I wondered when I started the PhD whether those enjoyable and, until now, indispensible, parts of my life would have to go by the board to make room for the research. I have proved that, actually, they don’t. I have taken several holidays since I’ve been doing the PhD; some of them have been work related: poetry writing weeks that have served the creative aspect of the research. But some have been just holidays; just the chance to sit back and rebuild. I have never left the work at home and ignored it for a week or two. Let’s face it, it won’t be ignored.
This week I’ve been in Zakinthos on the ultimate sun-bum’s holiday. The work sulked so much when I told it I was going on holiday, I smuggled it into my cabin baggage and brought it with me. Of course, I never ever intended to leave it home alone; but it didn’t know that, and I’m hoping it will be kinder to my as a result of my generosity.
So, among the sun worshipping, the Greek salads, the yogurt and honey, the Mythos, the local wines there has also been work. And, I have to say, quite a smug-making lot of it. Before I came away, I promised myself I would write a poem a day while I was away. I downloaded several prompt books to my Kindle to keep me focussed. I have to report, I probably haven’t managed a poem a day; but in response to one prompt, I have been keeping a dream journal. I have had some weird dreams since I’ve been here. One of them relates to the broken promise of a poem a day: I was invited by a teacher I worked with years ago to go into his classroom and read poems to his class of 8/9-year-olds. There were other poets there to read, we all had a ‘slot’. I was first to read; unfortunately I had left the poem I wanted to read at home; and I couldn’t remember it at all. One little girl in the group had copied my poem out in her writing book and she lent it to me; but writing wasn’t her strength, and it was really hard to read what she had written; so I blagged. I tried to make it up as I went along. Alice Oswald was like Jiminy Cricket on my shoulder: why wouldn’t you remember the poem? You wrote it! The only lines I can remember were the first line: Write ‘the’ and part of a limerick that came at the end: They called him Max the Tax. Not much of a poem then; not even poetry! But I took so long making it up, I took every other poet’s slot of time too. Anxiety dream, definitely. I must write more poems, as per my promise to self.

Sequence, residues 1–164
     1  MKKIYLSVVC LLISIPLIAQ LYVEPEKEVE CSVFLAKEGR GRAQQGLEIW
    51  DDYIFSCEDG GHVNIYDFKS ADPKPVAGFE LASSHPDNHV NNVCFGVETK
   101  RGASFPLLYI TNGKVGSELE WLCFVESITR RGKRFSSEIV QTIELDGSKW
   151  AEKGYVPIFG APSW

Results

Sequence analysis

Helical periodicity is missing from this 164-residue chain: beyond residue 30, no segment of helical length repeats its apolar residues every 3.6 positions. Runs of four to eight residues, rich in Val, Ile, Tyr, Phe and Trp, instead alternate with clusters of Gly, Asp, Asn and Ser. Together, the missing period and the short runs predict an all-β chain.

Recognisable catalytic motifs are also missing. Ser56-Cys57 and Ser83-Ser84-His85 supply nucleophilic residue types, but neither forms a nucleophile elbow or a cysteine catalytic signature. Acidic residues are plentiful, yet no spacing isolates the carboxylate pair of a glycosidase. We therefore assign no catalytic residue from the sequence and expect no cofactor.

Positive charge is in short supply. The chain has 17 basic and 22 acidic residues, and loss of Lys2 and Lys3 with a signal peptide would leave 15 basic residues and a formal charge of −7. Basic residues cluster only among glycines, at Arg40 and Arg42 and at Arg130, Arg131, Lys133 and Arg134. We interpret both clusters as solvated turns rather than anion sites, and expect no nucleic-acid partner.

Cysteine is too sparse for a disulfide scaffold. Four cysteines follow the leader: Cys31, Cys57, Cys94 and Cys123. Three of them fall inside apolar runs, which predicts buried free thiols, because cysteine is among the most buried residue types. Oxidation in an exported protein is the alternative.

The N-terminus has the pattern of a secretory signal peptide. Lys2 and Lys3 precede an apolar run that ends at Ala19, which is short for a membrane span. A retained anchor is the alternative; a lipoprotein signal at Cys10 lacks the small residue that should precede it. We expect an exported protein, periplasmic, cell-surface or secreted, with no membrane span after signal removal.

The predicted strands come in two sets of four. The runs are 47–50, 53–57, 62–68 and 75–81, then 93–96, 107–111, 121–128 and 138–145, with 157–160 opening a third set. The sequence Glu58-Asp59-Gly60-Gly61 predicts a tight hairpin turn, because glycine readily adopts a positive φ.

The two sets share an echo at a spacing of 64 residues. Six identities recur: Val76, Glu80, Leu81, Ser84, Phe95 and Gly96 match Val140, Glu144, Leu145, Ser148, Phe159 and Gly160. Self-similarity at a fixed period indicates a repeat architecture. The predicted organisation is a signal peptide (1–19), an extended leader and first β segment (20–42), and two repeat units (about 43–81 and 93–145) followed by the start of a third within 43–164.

However, I have drafted about four poems since I’ve been out here, and I think the dream journal will stimulate more unusual ones. So I’m not slacking really. I’ll post a poem at the end of this blog that relates directly to the ‘poem’ dream. I can already see where I’ll change it, but I like the idea.